Is College Worth It?
Are you wondering if a college degree is worth it? A college degree might be the smartest investment you’ll ever make. In fact, college graduates earn about $1 million more over their lifetime than high school graduates, according to a study released by the Georgetown University Center on Education and the Workforce.
Why a College Degree is a Smart Investment
Aside from higher lifetime earnings than non-college graduates, college graduates have lower unemployment rates.
College can be a big expense, but there options available to help families finance it. Available aid includes scholarships, grants, federal financial aid and loans.
College loans get a bad rap, but if you borrow smart and take your education seriously, it can be the most important investment you ever make.
Still not convinced? Here’s some food for thought:
When you take out a loan to purchase a new car, the value of that car drops by about 51% over four years, according to Edmunds. And, people typically replace their cars every 6-7 years. So…you get the idea. A one-time investment in a four-year college degree, on the other hand, will serve you well for the rest of your life, and your return on investment increases, not decreases, over time.
Current Student Loan Rates
|Loan Type||Rate (Disbursed after 7/1/16)|
|Direct Subsidized Loans||3.76%|
|Direct Unsubsidized Loans||3.76%|
|Direct PLUS Loans for Parents and Graduate or Professional Students||6.31%|
|Direct Unsubsidized Loans for Graduate or Professional Students||5.31%|
Something important to remember about student loans is that you won’t need to start repaying them until after you graduate or leave college. Even then, you have some options regarding your method of repayment. Since 2010, the Income-Based Repayment plan has allowed graduates to readjust their monthly federal student loan payments based on their income and family size. The Pay As You Earn plan reduces the cap to 10 percent on a graduate’s monthly income.
Benefits of Having a College Degree
We’ve already told you that college graduates earn significantly more over their lifetime than high school graduates. But how does that break down each year? According to The College Board’s Education Pays 2013 report, bachelor’s degree holders in 2011 earned $21,100 more per year than high school graduates.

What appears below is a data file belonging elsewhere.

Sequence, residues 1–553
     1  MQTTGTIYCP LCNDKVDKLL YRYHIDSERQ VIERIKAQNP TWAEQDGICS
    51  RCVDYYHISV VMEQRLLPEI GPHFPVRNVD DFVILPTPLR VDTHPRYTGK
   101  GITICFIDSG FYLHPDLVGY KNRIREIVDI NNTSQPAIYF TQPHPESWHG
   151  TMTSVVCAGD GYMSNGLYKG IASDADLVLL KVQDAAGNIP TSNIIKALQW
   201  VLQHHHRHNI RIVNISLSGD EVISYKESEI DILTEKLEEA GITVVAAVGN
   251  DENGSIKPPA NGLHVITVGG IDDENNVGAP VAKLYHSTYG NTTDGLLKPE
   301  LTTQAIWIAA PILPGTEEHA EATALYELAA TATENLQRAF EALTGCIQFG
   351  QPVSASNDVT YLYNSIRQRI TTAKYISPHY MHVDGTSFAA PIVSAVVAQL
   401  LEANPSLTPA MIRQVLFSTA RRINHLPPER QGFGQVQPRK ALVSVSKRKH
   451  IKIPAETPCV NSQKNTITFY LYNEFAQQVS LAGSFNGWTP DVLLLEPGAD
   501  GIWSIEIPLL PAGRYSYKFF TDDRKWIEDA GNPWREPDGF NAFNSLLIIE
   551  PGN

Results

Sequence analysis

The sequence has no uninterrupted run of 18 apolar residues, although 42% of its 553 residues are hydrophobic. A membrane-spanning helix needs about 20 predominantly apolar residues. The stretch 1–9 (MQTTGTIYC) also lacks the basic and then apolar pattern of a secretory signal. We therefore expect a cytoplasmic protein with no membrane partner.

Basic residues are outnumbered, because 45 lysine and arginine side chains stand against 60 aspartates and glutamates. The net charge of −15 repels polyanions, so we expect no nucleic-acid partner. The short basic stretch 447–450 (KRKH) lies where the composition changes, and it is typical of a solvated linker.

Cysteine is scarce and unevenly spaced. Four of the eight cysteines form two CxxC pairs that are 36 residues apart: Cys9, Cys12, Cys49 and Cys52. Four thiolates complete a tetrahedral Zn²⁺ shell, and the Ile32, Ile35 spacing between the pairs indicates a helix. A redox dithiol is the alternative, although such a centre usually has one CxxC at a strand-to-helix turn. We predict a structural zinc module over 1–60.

Beyond that, the unemployment rate for college graduates in 2012 was 7.1 percentage points lower than that for high school graduates, according to The College Board.
We know what you’re thinking: You want to go to college, but you can get a job making good money RIGHT NOW. And you probably can. But the median four-year college graduate who enrolls at age 18 and graduates in four years can expect to earn enough by age 36 to compensate for being out of the labor force for four years and borrowing the cull tuition and fee amount without any grant aid, according to The College Board.
But, at Gwynedd Mercy University, 100% of first-time, full-time freshmen received some sort of financial aid in 2015-2016, so the chances of paying full tuition and fees here as a full-time freshman is pretty unlikely.
And more than that, Gwynedd Mercy University was recently listed as one of the top 20 colleges in Pennsylvania for return on investment and in the top 30% nationally in a 2016 Payscale ranking. Graduates of GMercyU see a net return on nearly $350,000 over 20 years. Given that most people work much longer than 20 years, that’s a trend worth noting!
GMercyU’s Financial Aid Office is always available to walk you through the process of determining which option is the best for you to finance your education. The university also hosts information sessions such as Griffin K.E.Y.S. and FAFSA Completion Nights. To learn more about the financial aid process, GMercyU’s website is a good place to start.